Curmi & Partners

Economic and Market Implications of a new UK government

By Edward Attard

This week, Liz Truss has taken office as Britain’s new prime minister, inheriting an economy that is forecast to go into a long recession later this year, with inflation at a 40-year high and limits on the options available for getting growth going again. So, what might we expect over the next few months following her appointment?

Along the campaign trail and indeed, in her acceptance speech, Truss pledged to prioritise soaring energy bills for households and businesses, with the current working plan being to subsidise the wholesale cost of gas, either through directly compensating energy companies for losses they incur as a result of price freezes, or by providing energy companies with state-backed commercial loans that could then be clawed back from households and businesses over many years. Effectively, both approaches allow suppliers to cap the price of energy, at least temporarily, and effectively transfer the cost from households and businesses to the government. In addition, Truss has also promised tens of billions of pounds of tax cuts for lower income households to help through the cost-of-living crisis. Truss’s allies have suggested that a household package would cost £90bn, with an estimated £40bn-£60bn for the business element, though this has yet to be finalised.

Under normal circumstances, wholesale gas prices are used to set the price of all electricity, irrespective of how it is generated. This is not a problem when the marginal cost of gas moves in line with other sources of electricity. However, over the past 18 months, the wholesale price of natural gas has increased ten-fold. In the UK, roughly 40% of electricity comes from gas. Last month, Ofgem (The Office of Gas and Electricity Markets) announced that the energy price cap in the UK is set to jump by 80% in October to better reflect market dynamics.

Should a new UK government freeze energy prices prior to this shift, one of the implications is that the measured rate of inflation may be lower than it otherwise would have been, potentially reducing the headline figure by somewhere in the region of 3.5p.p. This means that inflation may rise from 10.1% in July to a peak of 11%, rather than roughly 14.5% toward the end of the fourth quarter. This in turn would have some secondary benefits for the economy, as it may lower the cost of government debt payments on inflation-linked gilts and may also go some way to reducing the possible upside risks from second round effects to higher inflation. As a broad rule of thumb, a 1% increase in RPI inflation adds around £5bn to the annual interest bill on government debt.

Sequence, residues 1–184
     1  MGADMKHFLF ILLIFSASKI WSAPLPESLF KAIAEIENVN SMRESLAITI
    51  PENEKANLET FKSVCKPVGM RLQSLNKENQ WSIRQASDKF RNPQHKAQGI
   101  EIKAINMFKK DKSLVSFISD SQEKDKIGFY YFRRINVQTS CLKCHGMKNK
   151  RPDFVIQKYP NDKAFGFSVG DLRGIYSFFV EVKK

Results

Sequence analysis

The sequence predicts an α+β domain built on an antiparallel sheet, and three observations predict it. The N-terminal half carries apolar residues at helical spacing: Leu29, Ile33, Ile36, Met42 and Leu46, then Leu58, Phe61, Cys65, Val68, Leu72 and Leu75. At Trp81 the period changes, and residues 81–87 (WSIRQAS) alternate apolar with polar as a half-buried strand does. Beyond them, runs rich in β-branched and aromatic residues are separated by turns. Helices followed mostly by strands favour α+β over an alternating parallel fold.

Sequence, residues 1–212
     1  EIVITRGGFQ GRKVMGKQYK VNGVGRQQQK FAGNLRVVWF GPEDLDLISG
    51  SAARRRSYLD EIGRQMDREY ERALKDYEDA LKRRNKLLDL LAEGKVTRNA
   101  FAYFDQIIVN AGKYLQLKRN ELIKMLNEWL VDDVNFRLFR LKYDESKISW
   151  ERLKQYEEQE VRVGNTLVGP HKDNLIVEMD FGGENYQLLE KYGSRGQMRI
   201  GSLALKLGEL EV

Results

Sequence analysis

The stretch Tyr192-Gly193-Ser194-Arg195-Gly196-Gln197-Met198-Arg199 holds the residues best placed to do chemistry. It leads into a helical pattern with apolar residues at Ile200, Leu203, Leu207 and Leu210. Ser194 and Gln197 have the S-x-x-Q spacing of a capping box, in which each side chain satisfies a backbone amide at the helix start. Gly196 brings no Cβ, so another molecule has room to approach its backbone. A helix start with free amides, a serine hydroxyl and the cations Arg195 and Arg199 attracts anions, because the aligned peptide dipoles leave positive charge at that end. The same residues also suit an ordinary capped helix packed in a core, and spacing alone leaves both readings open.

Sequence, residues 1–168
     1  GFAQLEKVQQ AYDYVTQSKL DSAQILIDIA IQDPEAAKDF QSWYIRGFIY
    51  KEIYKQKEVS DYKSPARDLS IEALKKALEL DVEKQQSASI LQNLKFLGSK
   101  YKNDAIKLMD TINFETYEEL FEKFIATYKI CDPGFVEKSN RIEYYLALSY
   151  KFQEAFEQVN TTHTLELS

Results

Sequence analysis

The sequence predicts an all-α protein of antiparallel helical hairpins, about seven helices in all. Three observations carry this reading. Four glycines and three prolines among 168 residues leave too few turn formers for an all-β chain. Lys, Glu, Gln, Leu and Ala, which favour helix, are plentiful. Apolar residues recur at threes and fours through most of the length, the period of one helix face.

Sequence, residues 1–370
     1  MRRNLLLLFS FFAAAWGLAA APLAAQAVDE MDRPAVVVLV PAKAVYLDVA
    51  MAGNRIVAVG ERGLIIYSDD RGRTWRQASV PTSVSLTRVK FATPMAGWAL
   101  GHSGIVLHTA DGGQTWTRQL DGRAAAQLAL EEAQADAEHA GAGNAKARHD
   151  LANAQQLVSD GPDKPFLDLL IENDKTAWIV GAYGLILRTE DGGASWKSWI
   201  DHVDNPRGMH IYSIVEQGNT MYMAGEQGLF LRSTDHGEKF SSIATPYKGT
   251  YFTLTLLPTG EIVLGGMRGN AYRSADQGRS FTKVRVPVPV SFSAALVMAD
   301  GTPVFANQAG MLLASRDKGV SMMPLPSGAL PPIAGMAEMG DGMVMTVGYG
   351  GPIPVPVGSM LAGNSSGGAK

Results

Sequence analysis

This reduced headline inflation would help households and businesses as it means real incomes would not fall as far, and economic growth going into 2023 would be supported to some degree. The issue, however, is that these measures alone will likely not provide enough support to prevent a recession in the UK, though it may be the case that these measures will limit the depth and length of that recession. Another key consideration in this discussion is that, to the extent that more is done on the fiscal side, say in the form of tax cuts, it is likely the Bank of England is going to have to do more on the monetary side to counter further underlying inflation surprises. So, the expectation is that looser fiscal policy that supports the economy may need to come alongside even tighter monetary policy.

As welcome as these measures are to address what is turning out to be the most significant UK consumer crisis of our lifetime, there does need to be an acknowledgment from the Truss government of the resultant strain to the UK’s deficit and debt levels, and it is imperative that the package that is announced by the government does come alongside some signals or commitments of fiscal discipline over the long term in order to maintain some stability in financing conditions. Similarly, whilst a price freeze would buy the government time, if higher wholesale gas prices are here to stay, the system of domestic energy pricing in the UK would need to be reformed to better reflect the average marginal cost of electricity production from all sources. As it stands, there remains the risk that these measures merely kick the issue into next year, when the extent of the support package is exhausted or increased.